Technical measuresImproving maintenance service and making the interruption scheduled to provide water supply by shift at a fair time gap have to be implemented to reduce the interruption of water. Beside, developing at least one public tab a round cooperative housing sites of the study area need to considered, to make residents accessible to water in nearby at low cost with better amount as compare to purchasing from private sellers
In the case of electricity power supply alternative source of lighting like solar energy need to be, consider for households who do not have access to electricity supply in a cost, which is affordable by the resident until the formal electric power supply installation is done. Because using kerosene as source of lighting may cause exploitation and it become a cause losses of property and lives.
Upgrading the existing earth and gravel road with locally available materials such as stone, gravel through labor based activities in order to improve the existing state of road. Because constructing infrastructure with locally available material reduce the cost of infrastructure than modern infrastructure materials even if the quality is different. Beside, constructing drainage system along the road networks in cooperative housing sites of the study area should be implemented. Even if the problem of finance is one of the challenges, constructing drainage system from earth with proper excavation along the road is the better way than constructing with cement and other materials.
Financial measuresFinancial problem is one of the factors that contribute for the poor development of basic infrastructure in cooperative housing sites of the study area. Hence, a certain measures need to be taken. The concerned organizations need to be focus on participatory fund raising activities from the residents as well as other private sectors. Again, the local and regional should support the concerned officials in finance. Beside the town administrator need to be, give priority when allocating budge for infrastructure provision organization to provide this basic infrastructure than the other government organizations since the development of water, road and electricity is the paved the way for other development. The tax which collect from the customers need to be collected in a proper way based the rule and regulation of tax collecting. Further, the concerned officials need to work in finding external fund from private sectors through creating development project even if this may take long time.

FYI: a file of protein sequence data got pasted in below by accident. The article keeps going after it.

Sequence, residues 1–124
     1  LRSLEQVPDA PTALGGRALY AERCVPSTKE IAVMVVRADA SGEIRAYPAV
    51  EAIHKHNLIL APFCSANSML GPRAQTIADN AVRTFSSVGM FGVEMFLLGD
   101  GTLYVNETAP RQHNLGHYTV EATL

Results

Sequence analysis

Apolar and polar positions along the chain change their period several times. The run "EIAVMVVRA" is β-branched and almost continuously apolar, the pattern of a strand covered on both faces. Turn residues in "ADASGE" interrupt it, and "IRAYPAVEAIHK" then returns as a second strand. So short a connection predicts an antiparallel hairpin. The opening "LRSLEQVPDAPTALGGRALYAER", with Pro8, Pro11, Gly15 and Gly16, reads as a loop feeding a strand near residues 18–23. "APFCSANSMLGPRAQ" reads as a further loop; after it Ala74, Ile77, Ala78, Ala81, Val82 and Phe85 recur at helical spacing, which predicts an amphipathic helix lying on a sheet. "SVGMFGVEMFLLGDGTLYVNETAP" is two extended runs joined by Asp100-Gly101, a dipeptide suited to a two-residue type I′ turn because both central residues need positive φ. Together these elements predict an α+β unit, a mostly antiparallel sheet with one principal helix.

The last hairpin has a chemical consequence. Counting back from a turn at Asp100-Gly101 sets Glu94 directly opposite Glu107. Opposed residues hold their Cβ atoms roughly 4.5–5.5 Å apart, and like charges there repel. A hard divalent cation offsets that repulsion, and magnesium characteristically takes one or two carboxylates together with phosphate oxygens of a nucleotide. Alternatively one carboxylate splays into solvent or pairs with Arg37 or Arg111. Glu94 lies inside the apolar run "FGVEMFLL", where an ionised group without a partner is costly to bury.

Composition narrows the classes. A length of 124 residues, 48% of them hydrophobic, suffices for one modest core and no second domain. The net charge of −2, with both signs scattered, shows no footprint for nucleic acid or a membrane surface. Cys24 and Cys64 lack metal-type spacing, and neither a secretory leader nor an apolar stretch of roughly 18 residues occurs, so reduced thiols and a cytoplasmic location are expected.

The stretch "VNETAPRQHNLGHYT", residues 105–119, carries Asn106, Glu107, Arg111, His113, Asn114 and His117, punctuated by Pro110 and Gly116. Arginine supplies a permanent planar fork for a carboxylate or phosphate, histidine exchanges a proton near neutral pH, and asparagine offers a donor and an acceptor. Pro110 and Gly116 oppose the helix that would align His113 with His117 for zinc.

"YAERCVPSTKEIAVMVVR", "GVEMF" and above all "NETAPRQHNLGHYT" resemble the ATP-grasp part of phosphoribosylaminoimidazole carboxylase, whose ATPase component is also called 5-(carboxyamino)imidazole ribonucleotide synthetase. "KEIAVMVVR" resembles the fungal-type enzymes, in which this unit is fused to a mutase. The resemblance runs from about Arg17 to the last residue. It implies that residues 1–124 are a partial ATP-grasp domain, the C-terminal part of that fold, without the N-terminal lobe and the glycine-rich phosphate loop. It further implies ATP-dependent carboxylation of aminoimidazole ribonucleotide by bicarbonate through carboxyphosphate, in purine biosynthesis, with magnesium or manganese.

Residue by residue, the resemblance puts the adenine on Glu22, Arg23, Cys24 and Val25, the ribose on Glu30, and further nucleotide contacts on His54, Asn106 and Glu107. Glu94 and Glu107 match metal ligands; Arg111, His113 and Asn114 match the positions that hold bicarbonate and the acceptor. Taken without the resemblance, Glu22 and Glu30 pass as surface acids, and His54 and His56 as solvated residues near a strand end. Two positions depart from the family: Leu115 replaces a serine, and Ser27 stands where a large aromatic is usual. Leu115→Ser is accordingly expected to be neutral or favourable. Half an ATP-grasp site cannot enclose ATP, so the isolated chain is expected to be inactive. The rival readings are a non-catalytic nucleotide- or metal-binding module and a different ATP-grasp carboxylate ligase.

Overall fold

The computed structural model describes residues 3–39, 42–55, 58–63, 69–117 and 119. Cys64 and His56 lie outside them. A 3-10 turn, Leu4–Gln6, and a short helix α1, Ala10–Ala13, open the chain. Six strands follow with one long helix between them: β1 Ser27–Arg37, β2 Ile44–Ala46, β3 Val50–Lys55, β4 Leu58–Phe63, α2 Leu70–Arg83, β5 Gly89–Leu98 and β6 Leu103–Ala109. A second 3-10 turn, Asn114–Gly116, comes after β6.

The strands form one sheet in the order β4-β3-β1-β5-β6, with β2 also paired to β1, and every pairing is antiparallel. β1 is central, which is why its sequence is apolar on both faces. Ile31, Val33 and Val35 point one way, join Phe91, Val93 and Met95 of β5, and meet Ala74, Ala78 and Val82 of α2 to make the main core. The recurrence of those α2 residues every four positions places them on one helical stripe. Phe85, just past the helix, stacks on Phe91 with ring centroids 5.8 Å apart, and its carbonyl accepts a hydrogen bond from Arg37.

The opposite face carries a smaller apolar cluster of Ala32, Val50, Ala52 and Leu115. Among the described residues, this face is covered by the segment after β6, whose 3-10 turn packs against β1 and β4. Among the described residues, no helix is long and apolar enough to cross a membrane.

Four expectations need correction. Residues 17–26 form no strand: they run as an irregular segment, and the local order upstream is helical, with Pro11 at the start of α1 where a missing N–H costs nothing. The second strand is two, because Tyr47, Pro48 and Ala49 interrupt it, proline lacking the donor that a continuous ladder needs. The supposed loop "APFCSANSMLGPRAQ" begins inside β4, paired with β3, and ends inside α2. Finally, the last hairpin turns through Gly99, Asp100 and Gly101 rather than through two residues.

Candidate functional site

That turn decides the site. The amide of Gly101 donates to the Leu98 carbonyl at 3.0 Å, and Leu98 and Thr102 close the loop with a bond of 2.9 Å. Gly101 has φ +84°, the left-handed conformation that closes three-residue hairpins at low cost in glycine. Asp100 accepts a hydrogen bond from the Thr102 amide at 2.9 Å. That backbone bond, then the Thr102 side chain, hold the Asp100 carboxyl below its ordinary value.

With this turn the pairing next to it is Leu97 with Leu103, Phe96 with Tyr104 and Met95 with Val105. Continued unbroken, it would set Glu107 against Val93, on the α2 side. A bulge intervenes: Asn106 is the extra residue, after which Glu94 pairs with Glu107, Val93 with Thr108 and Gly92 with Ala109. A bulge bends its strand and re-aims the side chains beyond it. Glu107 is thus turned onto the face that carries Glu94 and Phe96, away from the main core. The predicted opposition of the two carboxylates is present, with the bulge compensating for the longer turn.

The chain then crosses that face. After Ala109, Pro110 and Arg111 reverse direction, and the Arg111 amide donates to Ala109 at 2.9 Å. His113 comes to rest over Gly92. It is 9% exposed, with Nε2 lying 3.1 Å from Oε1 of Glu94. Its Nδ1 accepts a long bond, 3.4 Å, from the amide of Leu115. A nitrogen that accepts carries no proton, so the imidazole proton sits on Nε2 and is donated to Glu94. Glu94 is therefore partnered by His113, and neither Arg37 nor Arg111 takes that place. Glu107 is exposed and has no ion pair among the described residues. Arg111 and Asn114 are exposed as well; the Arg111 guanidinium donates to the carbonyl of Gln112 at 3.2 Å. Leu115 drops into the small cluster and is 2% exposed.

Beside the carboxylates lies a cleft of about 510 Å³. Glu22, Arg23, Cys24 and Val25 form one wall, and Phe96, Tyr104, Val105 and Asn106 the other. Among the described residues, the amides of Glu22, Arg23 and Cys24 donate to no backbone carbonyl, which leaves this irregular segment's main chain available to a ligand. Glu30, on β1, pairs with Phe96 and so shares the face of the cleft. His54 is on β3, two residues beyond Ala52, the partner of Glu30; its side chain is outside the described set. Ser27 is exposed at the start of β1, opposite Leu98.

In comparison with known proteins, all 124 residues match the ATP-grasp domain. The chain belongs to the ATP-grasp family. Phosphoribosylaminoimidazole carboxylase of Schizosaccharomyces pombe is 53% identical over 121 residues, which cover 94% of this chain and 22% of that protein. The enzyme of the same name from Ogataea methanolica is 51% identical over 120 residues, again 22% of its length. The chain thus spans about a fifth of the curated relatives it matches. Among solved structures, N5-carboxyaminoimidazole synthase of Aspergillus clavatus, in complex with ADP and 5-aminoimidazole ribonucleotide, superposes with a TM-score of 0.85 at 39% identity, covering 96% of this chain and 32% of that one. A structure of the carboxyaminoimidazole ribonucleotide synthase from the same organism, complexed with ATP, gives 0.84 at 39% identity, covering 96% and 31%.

Recommendation for further researchThe problem of infrastructure is complex, which demands strategic way of problem solving. Hence, certain research conducted on a certain issues at all could not give the last solution and it needs further research. Therefore, the next researchers have to give emphasis for the role of community participation in basic infrastructure provision in housing, with the objective of improving basic infrastructure provision in housing through active community participation.
REFERENCEAbubakar Dardau.A, Owoicho.E ; Badiru, 2015. Factors affecting the provision of infrastructure in public-private partnership housing estate in Abuja, Nigeria. Journal of technology(Sciences;Engineering).
Adeoye, Olumaseyi, 2015. Challenges of urban housing quality:Insights and Experience of Akure,Nigeria.
Adenk Marieke, Butterworth John, Godfrey Sam and Abera Micheal,2016. Looking beyoned headline indicators:Water and Sanitaion service in small towns in Ethiopia.Journal of water, sanitaion and hygiene to development,P 453-446.
Amaha, T, 2016. Assessing cooperative- developer partnership for housing development: Acase of Semay-Tekes cooperative, Sarbet, Addis Ababa,MA.Thesis, Ethiopian Institute of Architecture, Building Construction and City Development (EiABC),Addis AbabaUniversity,Ethiopia.
Asmamew, S, 2000. Municipal management with particular referance to financial management of Debre Zeit municipality in Benishangul Gumuz, regional state, paper, Ethiopian civi service university.
Aziz, T, 2015. Analysis of accessibility of urban households to selected public service in Summit condominuim housing in Addis Ababa, MA.Thesis,Addis Ababa, university, Ethiopia .
Bekele, M ,2003. The impediment to cooperative housing in Amhara regional state;The case of Bahirdar city, Addis Ababa University, Ethiopia. Retrived from http://www.pdffilleter.com ed/project.htm.
Bryman, A, 2006. Integrated quantitative and qualitative research; How is it done? qualitative research, vol.6.
Central Stastical AgencyEthiopia(CSA) and ICF, 2017/16. Ethiopia demographic and health survey key findings, Addis ababa, Ethiopia and rockville,maryland,usa and ICF.
Chicago Mutual Housing, 2004. Affordable housing cooperatives conditions and prospect in Chicago.
Cotton, A ; Tayler, K, 2000. Service for the urban poor section4. Techinical guideline. WEDC, Loughborough Unviersity, UK.
Dawod, A, 2012. Self-help cooperative housing: Potentials and limitations as a housing delivery option, the case of Tana kebelle in Bahirdar city,MA.Thesis, Ethiopian Institute of Architecture, Builiding Construction and City Development (EiABC), Addis Ababa University,Ethiopia.